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The Buffalo Bills will try to devise a plan that puts the brakes on Tom Brady's passing when they meet the New England Patriots this week.

Young cornerback Terrence McGee definitely will be part of the plan.

Preventing the deep ball definitely will be part of the plan.

And veteran cornerback Troy Vincent looks like he will be part of the plan at free safety -- if his injured knee allows him to play.

How well the Bills contain the Patriots' two-time Super Bowl Most Valuable Player may decide the AFC East matchup in Foxboro, Mass.

In leading New England to a 7-1 record, Brady has thrown for the fifth-most passing yards in the AFC. He's on pace for a career-high 30 touchdown passes.

Brady threw for 298 yards in the Pats' 31-17 victory over the Bills on Oct. 3. In his previous meeting against the Bills, in Week 17 last season, he hit 22 of 26 passes for 265 yards in a 31-0 Pats win.

"He reads the defense and finds the uncovered receiver," McGee said. "He's very patient back there. You have to stay with your coverage the whole time."

McGee had a nightmare outing in Sunday's win over the New York Jets. However, he will be back in the starting lineup this week at left cornerback. Coach Mike Mularkey said McGee's strong showings the previous four games in place of Vincent showed he deserves to be on the field.

"If you replace somebody every day they have a bad day at work, how many would be sitting in this room right now, including myself?" Mularkey said. "He's done a lot of good things."

Vincent was able to practice on only a limited basis Wednesday on the right knee that underwent arthroscopic surgery last month. Mularkey strongly indicated Vincent would be playing safety if he can play Sunday.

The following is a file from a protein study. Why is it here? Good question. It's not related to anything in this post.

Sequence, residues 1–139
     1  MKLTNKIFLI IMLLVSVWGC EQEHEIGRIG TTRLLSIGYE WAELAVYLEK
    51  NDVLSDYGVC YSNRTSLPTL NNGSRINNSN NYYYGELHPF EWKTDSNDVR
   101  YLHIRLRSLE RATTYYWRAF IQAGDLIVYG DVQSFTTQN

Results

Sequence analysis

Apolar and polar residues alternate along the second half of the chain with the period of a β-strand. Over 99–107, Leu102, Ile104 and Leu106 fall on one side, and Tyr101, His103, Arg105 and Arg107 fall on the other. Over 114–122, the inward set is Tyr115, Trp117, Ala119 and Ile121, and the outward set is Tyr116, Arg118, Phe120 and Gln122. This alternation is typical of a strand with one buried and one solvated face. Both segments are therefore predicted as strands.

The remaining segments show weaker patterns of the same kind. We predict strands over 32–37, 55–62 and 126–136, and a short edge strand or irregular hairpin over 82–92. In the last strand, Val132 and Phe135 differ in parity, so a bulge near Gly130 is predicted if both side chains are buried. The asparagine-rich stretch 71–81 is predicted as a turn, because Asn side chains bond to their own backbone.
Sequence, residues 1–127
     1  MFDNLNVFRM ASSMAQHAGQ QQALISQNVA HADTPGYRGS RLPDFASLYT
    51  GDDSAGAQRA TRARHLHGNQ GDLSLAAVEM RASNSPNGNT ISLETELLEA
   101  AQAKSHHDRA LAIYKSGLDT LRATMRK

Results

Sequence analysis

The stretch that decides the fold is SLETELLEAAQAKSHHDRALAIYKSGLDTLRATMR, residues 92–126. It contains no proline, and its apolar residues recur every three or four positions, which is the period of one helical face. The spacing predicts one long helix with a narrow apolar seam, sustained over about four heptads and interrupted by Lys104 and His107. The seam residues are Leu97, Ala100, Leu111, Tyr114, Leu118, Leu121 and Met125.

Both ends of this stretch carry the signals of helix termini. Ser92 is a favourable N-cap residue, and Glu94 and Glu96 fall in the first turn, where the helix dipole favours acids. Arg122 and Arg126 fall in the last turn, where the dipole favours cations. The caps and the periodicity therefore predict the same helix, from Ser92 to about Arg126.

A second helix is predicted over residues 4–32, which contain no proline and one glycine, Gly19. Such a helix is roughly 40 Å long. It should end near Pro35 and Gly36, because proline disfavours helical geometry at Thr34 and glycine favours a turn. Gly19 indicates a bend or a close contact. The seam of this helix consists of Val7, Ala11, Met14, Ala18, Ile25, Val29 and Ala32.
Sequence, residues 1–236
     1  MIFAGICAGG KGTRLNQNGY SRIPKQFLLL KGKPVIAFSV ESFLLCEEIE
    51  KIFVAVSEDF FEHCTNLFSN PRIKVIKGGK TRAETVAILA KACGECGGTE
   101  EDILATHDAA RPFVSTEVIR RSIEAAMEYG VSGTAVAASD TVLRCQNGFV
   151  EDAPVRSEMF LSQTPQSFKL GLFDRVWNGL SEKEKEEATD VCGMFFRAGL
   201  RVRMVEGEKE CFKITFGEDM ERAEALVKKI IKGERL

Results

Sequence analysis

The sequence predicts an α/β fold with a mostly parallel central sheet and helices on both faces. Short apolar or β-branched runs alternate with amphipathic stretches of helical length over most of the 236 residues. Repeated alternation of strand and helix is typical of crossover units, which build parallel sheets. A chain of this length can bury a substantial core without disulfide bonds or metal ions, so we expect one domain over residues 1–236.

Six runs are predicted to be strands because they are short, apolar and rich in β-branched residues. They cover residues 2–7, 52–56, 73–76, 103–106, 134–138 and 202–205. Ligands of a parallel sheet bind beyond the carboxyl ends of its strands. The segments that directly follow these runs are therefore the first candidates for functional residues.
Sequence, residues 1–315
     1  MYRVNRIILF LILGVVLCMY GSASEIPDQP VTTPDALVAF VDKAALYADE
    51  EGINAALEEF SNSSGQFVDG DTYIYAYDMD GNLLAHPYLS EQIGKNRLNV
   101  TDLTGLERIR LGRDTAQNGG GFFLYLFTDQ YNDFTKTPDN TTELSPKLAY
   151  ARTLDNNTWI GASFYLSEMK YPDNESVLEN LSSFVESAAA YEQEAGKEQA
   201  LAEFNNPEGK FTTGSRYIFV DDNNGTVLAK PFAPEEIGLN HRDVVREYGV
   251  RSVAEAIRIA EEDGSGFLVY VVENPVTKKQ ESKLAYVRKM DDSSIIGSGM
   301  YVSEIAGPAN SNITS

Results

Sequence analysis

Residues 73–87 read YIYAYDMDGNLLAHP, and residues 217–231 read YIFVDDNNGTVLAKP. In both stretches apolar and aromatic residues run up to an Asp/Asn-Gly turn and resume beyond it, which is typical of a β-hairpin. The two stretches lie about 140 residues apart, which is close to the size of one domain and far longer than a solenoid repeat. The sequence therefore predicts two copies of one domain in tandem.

"Terrence is starting right now, and I'm not sure that Troy Vincent's injury is part of the equation of whether Terrence does or not," Mularkey offered.

Vincent, who has 42 career interceptions, presumably would give the Bills more playmaking in the secondary. Free safety Izell Reese has been steady for a Bills defense ranked ninth against the pass but has rarely created turnovers.

Brady exploited the Bills deep in October. He hit four passes of 30 or more yards. The Bills blitzed more than 40 plays in that game, but Brady was brilliant in dissecting it. (Not all of the blitzes were big gambles. Many were zone rushes.)

"I think we were fortunate last game to catch Buffalo in a few coverages that we took advantage of," Brady said. "They're usually pretty good at covering the field on deeper throws. . . . It's something that hasn't been a strength of ours, getting the ball down the field. But we're doing a better job of it this year."

On several plays, the Pats' offensive line did a good job of picking up the Bills' blitz, and that gave Pats receivers time to go all the way across the field and run under lofted Brady passes.

"They timed it just right, throwing the ball way across the field away from the coverage," McGee said. "As long as you're playing it right, it can be stopped. If we play inside coverage, they couldn't do it."

Why did the Bills blitz so much last time? Because Brady is so good at throwing underneath the coverage and executing long marches. Brady distributes his passes pretty evenly among his top four receivers, David Givens, David Patten, Kevin Faulk and Daniel Graham. The Pats are sixth in the NFL in third-down conversions.

"I wouldn't trade my receiving corps for any in the league," Brady said. "They're all very capable, hard working, unselfish. . . . I think we've done a good job of staying out of third-and-long situations. When you stay in those third-and-4-and-5 situations it's much more manageable, and they're really forced to cover everybody on the field."

McGee expects Brady will be throwing at the player he's covering.

"They're going to keep coming until you stop it," McGee said. "You have to go out there and make plays. That's the only way you're going to get respect in the league."


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